Warrior Challenge: USARPAC NCOs, Soldiers display their personal best at annual competition

| June 9, 2011 | 0 Comments
Sgt. Jonathan Williams (right), Co. H, 1st Bn., 501st Inf. Regt., Joint Base Elmendorf-Richardson, Alaska, is graded as he conducts unmasking procedures while wearing mission-oriented protective posture gear during the 2011 USARPAC Warrior Challenge, Schofield Barracks, June 7.

Sgt. Jonathan Williams (right), Co. H, 1st Bn., 501st Inf. Regt., Joint Base Elmendorf-Richardson, Alaska, is graded as he conducts unmasking procedures while wearing mission-oriented protective posture gear during the 2011 USARPAC Warrior Challenge, Schofield Barracks, June 7.

Story and Photos by
Russell Dodson
U.S. Army-Pacific Public Affairs

SCHOFIELD BARRACKS — Six noncommissioned officers and five Soldiers from throughout U.S. Army-Pacific will have to wait until this evening to find out who is the best of the best.

That’s when the 2011 USARPAC NCO and Soldier of the Year will be revealed at the USARPAC Army Birthday Commemoration at the Hilton Hawaiian Village Hotel in Honolulu.

The winners will represent USARPAC at the Armywide competition later this year.

Most of the NCOs and Soldiers started their journeys six months ago when their units conducted their own internal warrior challenges. Competitors vied with battle buddies in their units to win, before respective winners then moved up to compete in USARPAC’s Warrior Challenge.

Spc. Kevin Oppelt, 56th Signal Bn., Okinawa, Japan, reassembles a military radio during the USARPAC Warrior Challenge, Schofield Barracks, June 7.

Spc. Kevin Oppelt, 56th Signal Bn., Okinawa, Japan, reassembles a military radio during the USARPAC Warrior Challenge, Schofield Barracks, June 7.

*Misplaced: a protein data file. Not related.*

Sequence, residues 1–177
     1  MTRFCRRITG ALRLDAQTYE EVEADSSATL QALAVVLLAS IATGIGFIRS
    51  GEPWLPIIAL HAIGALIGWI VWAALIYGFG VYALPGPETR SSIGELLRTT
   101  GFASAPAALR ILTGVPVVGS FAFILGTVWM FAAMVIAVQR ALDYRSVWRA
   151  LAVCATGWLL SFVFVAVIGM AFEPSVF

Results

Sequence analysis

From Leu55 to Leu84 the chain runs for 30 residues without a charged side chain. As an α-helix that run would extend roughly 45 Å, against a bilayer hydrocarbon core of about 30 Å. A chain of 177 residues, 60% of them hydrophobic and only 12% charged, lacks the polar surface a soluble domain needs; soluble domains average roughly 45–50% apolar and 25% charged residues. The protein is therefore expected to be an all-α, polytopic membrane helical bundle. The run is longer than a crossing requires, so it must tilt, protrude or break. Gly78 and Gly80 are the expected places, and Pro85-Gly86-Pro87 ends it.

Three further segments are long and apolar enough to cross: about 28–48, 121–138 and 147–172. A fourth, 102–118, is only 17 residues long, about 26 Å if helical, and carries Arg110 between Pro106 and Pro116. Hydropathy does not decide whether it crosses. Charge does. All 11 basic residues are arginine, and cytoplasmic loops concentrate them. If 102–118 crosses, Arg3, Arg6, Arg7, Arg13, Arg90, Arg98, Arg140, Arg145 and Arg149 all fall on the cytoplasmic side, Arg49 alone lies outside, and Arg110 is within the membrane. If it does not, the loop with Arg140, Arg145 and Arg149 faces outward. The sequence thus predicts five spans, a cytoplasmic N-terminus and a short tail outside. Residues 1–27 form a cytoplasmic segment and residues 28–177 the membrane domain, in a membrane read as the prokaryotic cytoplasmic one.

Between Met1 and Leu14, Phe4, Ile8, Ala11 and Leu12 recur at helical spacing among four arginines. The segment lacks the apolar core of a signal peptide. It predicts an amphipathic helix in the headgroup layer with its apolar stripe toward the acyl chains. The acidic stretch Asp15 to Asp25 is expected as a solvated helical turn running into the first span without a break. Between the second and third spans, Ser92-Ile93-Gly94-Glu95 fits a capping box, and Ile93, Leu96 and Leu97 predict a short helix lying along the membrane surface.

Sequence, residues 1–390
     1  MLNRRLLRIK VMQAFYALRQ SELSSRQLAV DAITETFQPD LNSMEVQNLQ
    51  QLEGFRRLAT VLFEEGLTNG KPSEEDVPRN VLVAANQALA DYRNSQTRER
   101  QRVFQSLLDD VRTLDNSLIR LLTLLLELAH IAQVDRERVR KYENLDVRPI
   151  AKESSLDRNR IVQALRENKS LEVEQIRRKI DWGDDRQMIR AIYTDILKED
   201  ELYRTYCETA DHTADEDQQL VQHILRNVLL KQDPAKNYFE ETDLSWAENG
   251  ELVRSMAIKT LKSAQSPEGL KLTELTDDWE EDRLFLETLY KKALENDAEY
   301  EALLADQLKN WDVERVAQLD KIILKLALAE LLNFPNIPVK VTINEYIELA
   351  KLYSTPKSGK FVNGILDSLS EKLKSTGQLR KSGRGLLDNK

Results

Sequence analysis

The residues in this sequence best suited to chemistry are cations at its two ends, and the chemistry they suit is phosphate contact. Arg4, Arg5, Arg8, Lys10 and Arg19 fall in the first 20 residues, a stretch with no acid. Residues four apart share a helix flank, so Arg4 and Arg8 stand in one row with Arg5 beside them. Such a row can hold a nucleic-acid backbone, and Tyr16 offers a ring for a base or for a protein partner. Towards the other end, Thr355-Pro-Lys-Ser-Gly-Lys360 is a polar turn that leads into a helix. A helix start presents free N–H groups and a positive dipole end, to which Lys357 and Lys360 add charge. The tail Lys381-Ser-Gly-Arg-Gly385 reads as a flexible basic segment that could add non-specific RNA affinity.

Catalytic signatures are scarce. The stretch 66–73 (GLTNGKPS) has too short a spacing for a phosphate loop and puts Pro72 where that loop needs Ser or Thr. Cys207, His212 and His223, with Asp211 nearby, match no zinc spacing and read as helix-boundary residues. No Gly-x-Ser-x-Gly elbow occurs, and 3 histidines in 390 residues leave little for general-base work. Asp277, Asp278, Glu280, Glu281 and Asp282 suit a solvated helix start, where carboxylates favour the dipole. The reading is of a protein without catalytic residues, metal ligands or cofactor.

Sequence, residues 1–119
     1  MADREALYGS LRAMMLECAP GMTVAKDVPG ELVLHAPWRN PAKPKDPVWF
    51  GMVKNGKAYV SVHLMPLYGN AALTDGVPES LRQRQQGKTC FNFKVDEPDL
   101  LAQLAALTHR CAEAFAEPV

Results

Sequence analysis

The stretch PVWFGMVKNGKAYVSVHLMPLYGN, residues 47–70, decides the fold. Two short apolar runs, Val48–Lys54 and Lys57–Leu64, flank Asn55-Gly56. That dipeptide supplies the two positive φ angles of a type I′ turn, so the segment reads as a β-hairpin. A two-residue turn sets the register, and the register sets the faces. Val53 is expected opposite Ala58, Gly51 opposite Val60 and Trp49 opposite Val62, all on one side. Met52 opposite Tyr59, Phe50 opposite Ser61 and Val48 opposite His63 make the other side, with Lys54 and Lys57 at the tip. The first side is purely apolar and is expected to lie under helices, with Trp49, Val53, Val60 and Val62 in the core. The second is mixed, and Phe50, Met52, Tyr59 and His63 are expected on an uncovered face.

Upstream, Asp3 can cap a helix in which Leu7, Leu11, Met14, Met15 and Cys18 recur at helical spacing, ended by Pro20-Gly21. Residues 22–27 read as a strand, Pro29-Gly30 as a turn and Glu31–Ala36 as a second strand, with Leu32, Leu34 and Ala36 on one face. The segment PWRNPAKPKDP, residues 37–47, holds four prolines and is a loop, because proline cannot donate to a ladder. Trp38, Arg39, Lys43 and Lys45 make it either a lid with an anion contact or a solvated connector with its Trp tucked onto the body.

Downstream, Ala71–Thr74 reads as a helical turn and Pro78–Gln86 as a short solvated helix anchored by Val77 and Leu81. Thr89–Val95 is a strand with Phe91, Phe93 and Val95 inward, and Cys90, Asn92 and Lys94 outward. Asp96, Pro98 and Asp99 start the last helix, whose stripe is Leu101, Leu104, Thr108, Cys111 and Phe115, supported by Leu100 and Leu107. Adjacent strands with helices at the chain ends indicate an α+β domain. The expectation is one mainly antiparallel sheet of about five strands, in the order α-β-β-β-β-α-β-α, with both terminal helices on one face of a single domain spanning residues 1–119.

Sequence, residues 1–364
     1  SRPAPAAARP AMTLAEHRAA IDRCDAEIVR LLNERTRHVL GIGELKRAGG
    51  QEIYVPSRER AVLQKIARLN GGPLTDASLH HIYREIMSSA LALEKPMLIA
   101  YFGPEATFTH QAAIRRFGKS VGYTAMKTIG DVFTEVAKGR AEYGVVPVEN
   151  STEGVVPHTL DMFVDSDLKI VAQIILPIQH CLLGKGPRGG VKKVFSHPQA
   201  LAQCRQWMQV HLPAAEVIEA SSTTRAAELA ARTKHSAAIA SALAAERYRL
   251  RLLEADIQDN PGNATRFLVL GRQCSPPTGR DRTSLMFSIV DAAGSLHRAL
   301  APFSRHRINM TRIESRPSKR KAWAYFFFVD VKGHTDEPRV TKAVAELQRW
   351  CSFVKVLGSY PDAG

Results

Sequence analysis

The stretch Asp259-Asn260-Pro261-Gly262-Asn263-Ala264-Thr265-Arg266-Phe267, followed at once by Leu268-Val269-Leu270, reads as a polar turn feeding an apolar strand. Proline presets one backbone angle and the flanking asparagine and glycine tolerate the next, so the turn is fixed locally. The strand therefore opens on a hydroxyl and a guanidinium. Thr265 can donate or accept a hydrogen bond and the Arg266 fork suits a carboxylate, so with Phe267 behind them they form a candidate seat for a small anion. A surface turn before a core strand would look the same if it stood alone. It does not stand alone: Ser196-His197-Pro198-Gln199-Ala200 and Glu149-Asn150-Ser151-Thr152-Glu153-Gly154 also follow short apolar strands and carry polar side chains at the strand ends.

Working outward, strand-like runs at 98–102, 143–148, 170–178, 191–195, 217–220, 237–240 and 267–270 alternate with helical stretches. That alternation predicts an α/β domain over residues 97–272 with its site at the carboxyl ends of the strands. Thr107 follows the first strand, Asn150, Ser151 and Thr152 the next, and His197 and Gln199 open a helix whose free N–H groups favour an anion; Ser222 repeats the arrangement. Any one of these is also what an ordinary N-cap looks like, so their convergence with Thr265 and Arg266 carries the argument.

The Warrior Challenge finds the best NCO and Soldier in the Pacific.

“The importance of the Warrior Challenge is so that USARPAC can select an NCO and Soldier of the Year to represent the command at the Armywide competition,” said Sgt. Maj. Steven Hatton, USARPAC Operations, Plans and Training Office.

During the five-day competition, Soldiers are tested on their Army knowledge and physical and mental stamina. Throughout the week, Soldiers completed Warrior Task Testing, combatives, a physical fitness test, M4 carbine qualification and day/land navigation.

At the end of the competition, points are tallied and the highest-scoring NCO and Soldier are chosen as the Pacific region’s NCO and Soldier of the Year.

Each participant can earn a maximum of 500 points throughout the competition.

“Once all the events are completed, the scores are tabulated and the NCO and Soldier with the most points win,” Hatton said. “We try to make the Warrior Challenge resemble the (Armywide) competition, so the competitors will know what to expect at the Department of the Army level.”

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